Hepatic Clearance


Key Terms:


Unbound intrinsic hepatic clearance (CLuint): The ability of the liver to remove drug from the blood in the absence of other confounding factors (such as blood flow and protein binding). CLuint is a function of enzyme activity or biliary excretion.


Systemic availability: The fraction of administered drug that reaches the systemic circulation. Commonly used to measure the extent to which drug is available in the body after non-intravenous administration.


Key Principles:


Venous equilibrium model of hepatic clearance. Elementary models of organ clearance would indicate that CLH = QHE. However, studies with perfused liver preparations readily revealed that E was not independent of QH. Thus, a more complex model is necessary to characterize hepatic drug clearance in terms of independent, non-interacting variables. Of the models proposed, the venous equilibrium model is the most simplistic model that accurately predicts changes in drug concentration as a function of blood flow, protein binding, and enzyme activity. The model assumes that blood exiting the liver in the hepatic vein is in equilibrium with the blood that is bathing the sinusoids in the liver (Hence the name, venous equilibrium).


Perfusion rate-limited elimination. Drugs with a high hepatic intrinsic clearance are removed from blood essentially as rapidly as they can be delivered to the liver. Therefore, the elimination of such drugs is highly dependent upon liver blood flow. Such drugs are said to exhibit perfusion rate-limited elimination. Examples of such drugs would be propranolol and verapamil.


Restrictive clearance. For drugs that exhibit a low intrinsic clearance,  CLH ~ fubCLuint.  Thus, the hepatic clearance of such drugs is dependent upon protein binding and enzyme activity. For these drugs, protein binding ‘restricts’ their metabolism … such that only unbound drug is eliminated with each pass through the liver. Thus, they are said to exhibit restrictive clearance. Examples of such drugs would be diazepam and warfarin. On the other hand, some drugs are metabolized so rapidly by the liver they are said to exhibit non-restrictive clearance. In other words, their elimination is such that protein binding does not act as a significant determinant in their elimination (CLH ~ QH). Propranolol would be a good example of such a drug.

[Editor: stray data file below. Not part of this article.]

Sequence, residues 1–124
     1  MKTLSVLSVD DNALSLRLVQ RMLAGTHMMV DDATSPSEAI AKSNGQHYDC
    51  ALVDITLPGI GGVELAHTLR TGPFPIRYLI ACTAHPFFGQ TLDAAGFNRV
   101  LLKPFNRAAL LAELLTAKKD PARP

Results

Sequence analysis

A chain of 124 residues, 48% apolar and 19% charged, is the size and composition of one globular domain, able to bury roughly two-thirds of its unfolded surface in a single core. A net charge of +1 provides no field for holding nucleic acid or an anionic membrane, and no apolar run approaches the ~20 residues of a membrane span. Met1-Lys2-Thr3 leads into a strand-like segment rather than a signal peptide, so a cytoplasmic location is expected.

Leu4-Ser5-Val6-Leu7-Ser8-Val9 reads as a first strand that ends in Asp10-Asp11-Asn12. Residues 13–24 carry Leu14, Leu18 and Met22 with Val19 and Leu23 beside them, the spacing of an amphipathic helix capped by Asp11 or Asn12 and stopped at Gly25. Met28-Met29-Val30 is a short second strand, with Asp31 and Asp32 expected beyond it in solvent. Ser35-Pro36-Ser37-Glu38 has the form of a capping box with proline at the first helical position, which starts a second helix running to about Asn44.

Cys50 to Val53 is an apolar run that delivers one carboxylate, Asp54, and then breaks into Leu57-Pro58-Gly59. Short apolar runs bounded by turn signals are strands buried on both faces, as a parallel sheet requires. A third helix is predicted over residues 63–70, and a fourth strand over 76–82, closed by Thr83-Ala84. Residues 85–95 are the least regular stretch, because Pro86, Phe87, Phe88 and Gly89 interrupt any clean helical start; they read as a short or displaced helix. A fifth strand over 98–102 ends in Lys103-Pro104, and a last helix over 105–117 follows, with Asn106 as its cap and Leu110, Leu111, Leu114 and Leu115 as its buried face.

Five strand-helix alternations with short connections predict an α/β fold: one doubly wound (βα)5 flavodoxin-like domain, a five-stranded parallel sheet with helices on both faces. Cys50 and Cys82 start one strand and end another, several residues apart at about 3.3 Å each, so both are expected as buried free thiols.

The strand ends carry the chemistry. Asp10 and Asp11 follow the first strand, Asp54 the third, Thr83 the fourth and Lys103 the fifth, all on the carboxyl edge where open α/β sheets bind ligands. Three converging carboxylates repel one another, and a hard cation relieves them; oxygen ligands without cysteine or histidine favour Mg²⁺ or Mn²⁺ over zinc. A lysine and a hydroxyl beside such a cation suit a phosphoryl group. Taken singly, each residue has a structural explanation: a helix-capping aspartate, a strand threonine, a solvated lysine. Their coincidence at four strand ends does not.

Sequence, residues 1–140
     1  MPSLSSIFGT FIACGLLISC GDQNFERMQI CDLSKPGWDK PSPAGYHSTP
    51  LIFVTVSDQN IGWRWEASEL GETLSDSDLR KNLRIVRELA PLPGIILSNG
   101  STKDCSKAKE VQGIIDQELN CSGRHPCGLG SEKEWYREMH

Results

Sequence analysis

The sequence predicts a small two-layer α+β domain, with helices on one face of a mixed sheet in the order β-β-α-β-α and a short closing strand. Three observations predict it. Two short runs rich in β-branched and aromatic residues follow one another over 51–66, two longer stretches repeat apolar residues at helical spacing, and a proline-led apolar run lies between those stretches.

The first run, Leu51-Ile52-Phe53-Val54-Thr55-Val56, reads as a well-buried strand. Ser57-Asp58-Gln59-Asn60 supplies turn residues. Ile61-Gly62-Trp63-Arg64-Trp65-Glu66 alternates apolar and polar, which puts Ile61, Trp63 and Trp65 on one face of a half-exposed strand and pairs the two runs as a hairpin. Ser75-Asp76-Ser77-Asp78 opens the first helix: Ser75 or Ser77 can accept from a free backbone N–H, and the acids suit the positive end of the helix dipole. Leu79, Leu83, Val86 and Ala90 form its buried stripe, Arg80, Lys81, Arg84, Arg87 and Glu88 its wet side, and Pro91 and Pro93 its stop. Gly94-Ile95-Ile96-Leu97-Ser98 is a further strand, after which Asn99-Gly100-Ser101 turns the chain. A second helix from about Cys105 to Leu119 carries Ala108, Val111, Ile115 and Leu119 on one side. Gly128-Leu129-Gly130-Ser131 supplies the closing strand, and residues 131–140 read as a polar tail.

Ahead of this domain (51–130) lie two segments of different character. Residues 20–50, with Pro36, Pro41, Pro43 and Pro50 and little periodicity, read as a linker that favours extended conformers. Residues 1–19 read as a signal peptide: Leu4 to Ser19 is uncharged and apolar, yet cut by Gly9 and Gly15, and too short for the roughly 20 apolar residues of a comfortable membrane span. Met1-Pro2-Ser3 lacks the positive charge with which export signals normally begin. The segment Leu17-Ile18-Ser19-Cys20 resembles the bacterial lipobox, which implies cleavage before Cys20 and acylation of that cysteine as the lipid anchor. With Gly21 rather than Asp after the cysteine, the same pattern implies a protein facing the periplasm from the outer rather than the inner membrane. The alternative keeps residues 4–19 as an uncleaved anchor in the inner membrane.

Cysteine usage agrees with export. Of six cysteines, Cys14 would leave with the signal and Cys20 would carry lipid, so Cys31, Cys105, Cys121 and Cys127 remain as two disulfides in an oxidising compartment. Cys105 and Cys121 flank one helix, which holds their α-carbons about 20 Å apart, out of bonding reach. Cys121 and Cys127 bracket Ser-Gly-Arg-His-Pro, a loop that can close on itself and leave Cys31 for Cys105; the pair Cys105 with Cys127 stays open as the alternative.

Changes in total drug concentration do not always necessitate changes in the dosage regimen. While drug interactions at the level of protein binding are easily demonstrated for many drugs, these changes are often clinically insignificant. Since it is the unbound (or free) drug that is pharmacologically active, our real concern is what happens to the free concentration of drug. For drugs that exhibit a low intrinsic clearance, changes in the free fraction will not effect the steady-state concentration of free drug (after either or intravenous administration). Therefore, displacement of a low intrinsic clearance drug from protein binding sites will result in a decrease in the total drug concentration, but no change in the free concentration. For this reason, protein binding interactions with low intrinsic clearance drugs would not be expected to be clinically important. What is important is how we interpret changes in total drug concentration that may occur. This is especially important to recognize since many, if not most, clinical labs measure only total drug concentration. Based on total drug concentration alone, one could be mislead into thinking a change in therapy was needed as a consequence of the addition of a protein binding displacer to a patient’s therapeutic regimen. However, since the free drug concentration will not change, changes in the total drug concentration are inconsequential.


Practice Problems:


1.         Below is shown the plasma concentration versus time curve after intravenous and oral administration of diazepam. Draw the anticipated curve for diazepam after each route of administration if this patient were pre-treated with cimetidine.  Answer


                                         Intravenous                                                                          Oral






2.      DJ is a 40 year old male who is receiving valproic acid for the prophylactic treatment of migraine headaches. While the drug has effectively reduced the frequency and severity of his headaches, he continues to experience one or two severe episodes monthly. DJ has been asked to participate in a clinical trial of a new drug that would be added to his regimen of valproic acid. Studies in vitro show that this investigational drug can displace valproic acid from plasma protein binding sites. Below are the average pharmacokinetic parameters for valproic acid in adults.



Average Values


10 ml/hr/kg


0.20 L/kg

% of drug excreted in urine as


Parent drug







14 hrs


            Based upon this data, what would you predict would happen to the total and free steady-state concentration of valproic acid when the investigation drug is added to this patient’s regimen?





Last revised 07/13/05


ã 2005 - Craig K. Svensson, Pharm.D., Ph.D.


Return to the Index for Lecture Tutorials


Return to Pharmacokinetics and Biopharmaceutics Homepage